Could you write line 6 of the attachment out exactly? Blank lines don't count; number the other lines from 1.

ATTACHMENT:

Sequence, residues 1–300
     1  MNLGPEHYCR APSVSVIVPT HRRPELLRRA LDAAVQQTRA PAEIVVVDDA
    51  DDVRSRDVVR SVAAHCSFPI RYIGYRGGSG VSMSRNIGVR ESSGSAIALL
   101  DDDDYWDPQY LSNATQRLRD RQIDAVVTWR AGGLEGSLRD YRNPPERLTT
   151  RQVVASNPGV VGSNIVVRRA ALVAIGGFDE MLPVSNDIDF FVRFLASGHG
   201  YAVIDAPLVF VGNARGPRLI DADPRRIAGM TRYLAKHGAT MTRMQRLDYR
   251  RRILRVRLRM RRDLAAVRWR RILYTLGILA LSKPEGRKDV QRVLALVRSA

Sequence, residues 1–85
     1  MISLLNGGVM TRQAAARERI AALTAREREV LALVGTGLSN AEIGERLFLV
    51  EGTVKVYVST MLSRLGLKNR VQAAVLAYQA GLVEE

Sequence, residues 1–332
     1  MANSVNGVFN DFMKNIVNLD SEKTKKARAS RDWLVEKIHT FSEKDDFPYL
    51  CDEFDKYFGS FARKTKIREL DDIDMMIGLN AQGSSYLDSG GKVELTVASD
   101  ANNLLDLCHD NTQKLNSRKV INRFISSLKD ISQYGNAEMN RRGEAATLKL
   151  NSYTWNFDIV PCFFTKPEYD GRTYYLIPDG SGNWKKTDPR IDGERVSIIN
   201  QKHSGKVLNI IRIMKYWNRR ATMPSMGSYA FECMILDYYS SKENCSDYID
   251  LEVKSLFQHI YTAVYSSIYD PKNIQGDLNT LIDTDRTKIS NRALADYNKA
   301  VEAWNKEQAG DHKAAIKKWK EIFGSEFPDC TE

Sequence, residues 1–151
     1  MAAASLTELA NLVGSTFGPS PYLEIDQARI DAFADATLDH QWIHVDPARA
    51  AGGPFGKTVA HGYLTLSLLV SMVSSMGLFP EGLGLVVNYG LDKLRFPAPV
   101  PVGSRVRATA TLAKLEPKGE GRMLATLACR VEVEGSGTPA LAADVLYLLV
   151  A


   201  YAVIDAPLVF VGNARGPRLI DADPRRIAGM TRYLAKHGAT MTRMQRLDYR